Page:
Wednesday's Words on a Friday
The original Words for Wednesday was begun by Delores and eventually taken over by a moveable feast of participants when Delores had computer troubles. Sadly, Delores has now closed her blog forever due to other problems.
The aim of the words is to encourage us to write. A story, a poem, whatever comes to mind.
If you are posting an entry on your own blog, please let us know so we can come along and read it.
This month the words/prompts are supplied by ME and can be found right here
This week's words/prompts are:
1. pipes and drums band
My story carries on from last week's beginning, so for those that missed it I will include it here.
I stood uncertainly in the gloomy shop, searching the shelves for something I didn’t know yet. A voice from behind said, “it’s on the second shelf from the top, right beneath the handwoven dreamcatcher.” I spotted it right away, even as my own voice replied, “but it doesn’t belong there.” “It knows,” said the voice from behind and I felt a shiver, knowing there was no one there. I was being helped by a ghost. Again. The memory of my previous supernatural encounter had left me miserable for weeks, it had been unexpected and I’d felt out of my depth. Maybe this time would be better. I felt a quiver in the air as the ghost reached past me and pulled the tiny gold box from the shelf where it shouldn’t have been, although I didn’t know why or how I knew that. This path hadn’t been properly explained to me and I wasn’t ready, yet here I was, holding out my hand for the tiny gold box as it floated down to me. I clasped it gently, bowed my head as the required thank you, (how did I know I should do that?) then walked back out into the sunshine. Never before had its warmth felt so welcome.
I sat on a nearby seat where I could see the espaliered pear tree at the side of the shop and turned the small gold box over and over, looking for a way to open it. It had been so skillfully made, I almost couldn’t see the tiny hinges at the back, so the lid must open on the other side and I turned it again, but could see no trace of a catch at all. The etchings were very delicate and I imagined the box must have been very costly, so how and why had it ended up here in this gloomy shop? I looked up at the cloudless blue sky, but of course there were no answers there, just as there had been no answers when I stared out of the classroom windows while pondering exam questions.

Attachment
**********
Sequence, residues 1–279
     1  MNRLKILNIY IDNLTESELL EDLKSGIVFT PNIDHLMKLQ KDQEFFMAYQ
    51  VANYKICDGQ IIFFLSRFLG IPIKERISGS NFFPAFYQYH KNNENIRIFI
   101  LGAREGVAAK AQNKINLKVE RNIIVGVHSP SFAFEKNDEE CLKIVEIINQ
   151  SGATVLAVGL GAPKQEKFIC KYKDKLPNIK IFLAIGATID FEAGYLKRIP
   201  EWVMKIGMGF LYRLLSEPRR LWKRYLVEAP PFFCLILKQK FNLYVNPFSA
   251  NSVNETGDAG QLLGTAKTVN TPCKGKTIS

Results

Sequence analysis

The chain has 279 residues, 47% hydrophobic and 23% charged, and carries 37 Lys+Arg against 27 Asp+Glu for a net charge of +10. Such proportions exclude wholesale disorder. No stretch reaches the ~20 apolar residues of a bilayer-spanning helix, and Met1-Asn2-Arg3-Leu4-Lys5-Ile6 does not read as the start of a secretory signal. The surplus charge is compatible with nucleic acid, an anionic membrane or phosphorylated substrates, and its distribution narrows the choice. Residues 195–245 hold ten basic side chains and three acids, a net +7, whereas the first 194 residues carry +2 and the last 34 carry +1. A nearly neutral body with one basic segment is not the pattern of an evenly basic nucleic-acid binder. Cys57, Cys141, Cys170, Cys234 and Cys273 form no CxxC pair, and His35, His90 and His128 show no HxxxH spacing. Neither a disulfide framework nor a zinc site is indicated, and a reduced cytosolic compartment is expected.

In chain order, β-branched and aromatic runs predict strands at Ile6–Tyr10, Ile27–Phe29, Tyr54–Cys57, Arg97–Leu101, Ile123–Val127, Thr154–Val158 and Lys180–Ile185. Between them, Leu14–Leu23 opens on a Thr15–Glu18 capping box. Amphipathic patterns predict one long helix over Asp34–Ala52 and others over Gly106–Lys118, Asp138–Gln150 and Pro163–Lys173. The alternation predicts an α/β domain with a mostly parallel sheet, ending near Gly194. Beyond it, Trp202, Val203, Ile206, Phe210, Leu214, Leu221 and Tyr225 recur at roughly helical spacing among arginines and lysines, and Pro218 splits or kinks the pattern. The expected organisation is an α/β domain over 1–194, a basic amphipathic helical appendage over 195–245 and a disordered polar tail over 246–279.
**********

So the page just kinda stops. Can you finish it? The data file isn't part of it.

I remembered my teacher back then warning my parents I was in danger of becoming a high school dropout and the horror on my mother’s face at the thought. There were quite a few setbacks along the way to my graduation, but I did get there in the end. This reminiscing wasn’t going to help with the mystery of the box though. As I stood up, the voice from the shop whispered, “Follow the box Morgana. It will show you the way.” I spun around so quickly I almost fell over, but couldn’t catch a glimpse of the ghost who was helping me. Follow the box? What on earth does that mean?
I put the box in my pocket and began walking home, passing the heap of rubble that had so recently been an old Victorian mansion, and passing too, the park where I could faintly hear the practising of the Pipes and Drums band, as they prepared for the annual music festival. The sound stirred the tiny drop of Scottish blood bequeathed to me by my ancestors, along with a love of tartan fabrics and men in kilts. Reaching home I set the box on the table as I began to prepare the evening meal. Nothing fancy, a three cheese omelette with a simple parsley garnish and no dessert.
As I ate, I stared at the box, wondering what secrets it held and how I was to discover them when I couldn’t even open it. I pulled from the cupboard a patch of silk, neatly hemmed, that had once been part of a sari, and set the box upon it. The rich ruby silk reflected in the side of the box and it seemed to feel warmer in my hands because of it.